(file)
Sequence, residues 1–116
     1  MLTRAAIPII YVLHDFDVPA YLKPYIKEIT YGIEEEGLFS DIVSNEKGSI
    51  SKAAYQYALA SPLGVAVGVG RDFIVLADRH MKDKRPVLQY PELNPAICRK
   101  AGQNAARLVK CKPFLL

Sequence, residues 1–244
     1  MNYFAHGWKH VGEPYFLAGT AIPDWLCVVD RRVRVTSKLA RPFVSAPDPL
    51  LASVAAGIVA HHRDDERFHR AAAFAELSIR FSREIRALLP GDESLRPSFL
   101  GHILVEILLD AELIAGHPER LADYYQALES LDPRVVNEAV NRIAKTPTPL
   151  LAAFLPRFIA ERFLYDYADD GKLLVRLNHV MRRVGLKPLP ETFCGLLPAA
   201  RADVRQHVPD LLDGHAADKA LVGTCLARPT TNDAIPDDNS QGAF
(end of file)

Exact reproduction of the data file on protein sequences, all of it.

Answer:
Sequence, residues 1–116
     1  MLTRAAIPII YVLHDFDVPA YLKPYIKEIT YGIEEEGLFS DIVSNEKGSI
    51  SKAAYQYALA SPLGVAVGVG RDFIVLADRH MKDKRPVLQY PELNPAICRK
   101  AGQNAARLVK CKPFLL

Sequence, residues 1–244
     1  MNYFAHGWKH VGEPYFLAGT AIPDWLCVVD RRVRVTSKLA RPFVSAPDPL
    51  LASVAAGIVA HHRDDERFHR AAAFAELSIR FSREIRALLP GDESLRPSFL
   101  GHILVEILLD AELIAGHPER LADYYQALES LDPRVVNEAV NRIAKTPTPL
   151  LAAFLPRFIA ERFLYDYADD GKLLVRLNHV MRRVGLKPLP ETFCGLLPAA
   201  RADVRQHVPD LLDGHAADKA LVGTCLARPT TNDAIPDDNS QGAF